Foreign Expertise Needed in China
A push by China to exploit its domestic energy resources, especially gas shale reserves, could lead to the country importing less gas from abroad in coming decades. This process however will depend heavily on engaging foreign companies to share costs, risks and technology and will be anything but self-sufficient.
A report from Wood Mackenzie this week predicted that unconventional gas, including shale gas, coal seam gas, and coal bed methane, could be a quarter of China’s gas supply by 2030.
Chinese majors will lead the way. Sinopec aims to produce 2.5bn cubic meters of unconventional gas annually in 2015. Officials at CNPC, China’s largest oil and gas producer, have said they hope to produce 500m cubic meters of shale gas by 2015 - up from no shale production today.
But experts say they will need foreign support and know-how to develop unconventional gas assets, including coal bed methane as well as shale gas.
Last month CNPC signed a memorandum with Encana, a Canadian firm known for its shale assets, that could lead to a shale gas joint venture. And PetroChina’s and Shell’s joint takeover of Arrow energy will give the Chinese company access to Arrow’s coal seam gas expertise.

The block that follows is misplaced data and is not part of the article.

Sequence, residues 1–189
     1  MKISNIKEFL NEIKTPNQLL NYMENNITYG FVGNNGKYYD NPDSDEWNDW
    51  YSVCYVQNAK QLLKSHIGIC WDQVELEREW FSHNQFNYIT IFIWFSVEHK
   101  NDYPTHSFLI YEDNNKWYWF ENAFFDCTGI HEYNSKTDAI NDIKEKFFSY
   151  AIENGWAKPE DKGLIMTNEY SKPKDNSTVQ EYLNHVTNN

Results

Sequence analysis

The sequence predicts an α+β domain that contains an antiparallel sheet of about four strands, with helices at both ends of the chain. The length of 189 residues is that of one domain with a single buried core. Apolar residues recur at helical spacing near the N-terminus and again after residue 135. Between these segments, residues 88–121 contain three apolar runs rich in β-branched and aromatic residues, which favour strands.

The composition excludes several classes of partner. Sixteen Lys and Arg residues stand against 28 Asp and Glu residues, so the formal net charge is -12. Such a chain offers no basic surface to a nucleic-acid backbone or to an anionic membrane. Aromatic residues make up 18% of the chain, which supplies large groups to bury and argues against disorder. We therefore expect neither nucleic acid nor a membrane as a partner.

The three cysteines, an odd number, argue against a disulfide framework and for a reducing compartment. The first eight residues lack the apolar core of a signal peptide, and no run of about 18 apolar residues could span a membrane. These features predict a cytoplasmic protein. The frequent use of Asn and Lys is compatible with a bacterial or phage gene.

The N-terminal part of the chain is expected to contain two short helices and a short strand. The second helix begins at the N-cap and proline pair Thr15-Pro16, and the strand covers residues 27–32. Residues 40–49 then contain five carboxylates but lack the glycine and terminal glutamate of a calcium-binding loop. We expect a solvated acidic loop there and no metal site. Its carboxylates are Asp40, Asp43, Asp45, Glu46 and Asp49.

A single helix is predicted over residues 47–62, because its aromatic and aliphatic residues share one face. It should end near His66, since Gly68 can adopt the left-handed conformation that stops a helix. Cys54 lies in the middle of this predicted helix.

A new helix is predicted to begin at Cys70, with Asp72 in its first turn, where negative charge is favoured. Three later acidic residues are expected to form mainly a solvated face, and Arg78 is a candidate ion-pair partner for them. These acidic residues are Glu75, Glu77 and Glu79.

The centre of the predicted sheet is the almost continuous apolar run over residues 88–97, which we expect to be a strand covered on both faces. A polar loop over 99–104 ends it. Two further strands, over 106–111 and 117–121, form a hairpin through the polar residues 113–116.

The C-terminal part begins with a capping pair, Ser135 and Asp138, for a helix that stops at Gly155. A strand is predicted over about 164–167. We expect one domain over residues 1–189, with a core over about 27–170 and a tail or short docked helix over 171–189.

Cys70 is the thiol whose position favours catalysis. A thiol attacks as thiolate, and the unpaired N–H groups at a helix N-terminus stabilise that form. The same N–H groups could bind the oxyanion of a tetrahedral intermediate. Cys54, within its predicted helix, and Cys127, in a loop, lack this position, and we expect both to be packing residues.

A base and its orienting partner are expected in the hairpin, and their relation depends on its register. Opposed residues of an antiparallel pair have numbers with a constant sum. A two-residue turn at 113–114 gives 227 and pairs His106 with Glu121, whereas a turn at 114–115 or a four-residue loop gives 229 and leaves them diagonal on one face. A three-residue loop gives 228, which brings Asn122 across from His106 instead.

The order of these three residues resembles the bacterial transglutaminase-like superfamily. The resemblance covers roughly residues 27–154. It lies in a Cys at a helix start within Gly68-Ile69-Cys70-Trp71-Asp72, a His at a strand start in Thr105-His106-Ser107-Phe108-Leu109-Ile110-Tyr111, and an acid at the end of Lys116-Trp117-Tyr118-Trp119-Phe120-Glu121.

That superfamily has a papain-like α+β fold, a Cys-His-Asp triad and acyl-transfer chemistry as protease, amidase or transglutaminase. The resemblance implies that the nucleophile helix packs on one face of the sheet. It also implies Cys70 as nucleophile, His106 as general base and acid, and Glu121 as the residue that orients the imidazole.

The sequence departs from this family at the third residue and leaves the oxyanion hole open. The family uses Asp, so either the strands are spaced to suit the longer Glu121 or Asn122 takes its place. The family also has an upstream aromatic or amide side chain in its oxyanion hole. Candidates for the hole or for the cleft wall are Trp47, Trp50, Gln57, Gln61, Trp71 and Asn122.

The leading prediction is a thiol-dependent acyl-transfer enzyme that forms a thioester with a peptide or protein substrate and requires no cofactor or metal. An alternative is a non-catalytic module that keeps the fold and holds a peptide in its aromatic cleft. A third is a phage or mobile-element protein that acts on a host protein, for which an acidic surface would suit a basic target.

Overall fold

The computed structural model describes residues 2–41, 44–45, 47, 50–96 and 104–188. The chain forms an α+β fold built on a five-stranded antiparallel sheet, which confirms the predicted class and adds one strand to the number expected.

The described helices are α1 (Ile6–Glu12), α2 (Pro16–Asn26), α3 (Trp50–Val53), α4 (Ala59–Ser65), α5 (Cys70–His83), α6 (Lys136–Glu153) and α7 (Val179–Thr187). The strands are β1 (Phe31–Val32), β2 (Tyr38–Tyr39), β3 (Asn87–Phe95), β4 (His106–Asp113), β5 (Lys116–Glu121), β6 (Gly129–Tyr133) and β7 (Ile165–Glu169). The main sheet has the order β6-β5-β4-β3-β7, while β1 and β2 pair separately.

There’s also an opening for foreign firms to engage in exploration for unconventionals in China. Several foreign companies are already active in the sector, though major commercial successes have so far been few.
Shell has a coal-bed methane project under exploration in Ordos, as well as a joint venture with PetroChina to develop shale gas in Sichuan province. BP is working with PetroChina to assess coal bed methane potential in western Xinjiang province. And Far East Energy, a Houston-based firm, has just signed a gas sales contract for a coal bed methane project in Shanxi province.
Foreign expertise is not surplus to China’s requirements just yet.
Source: Financial Times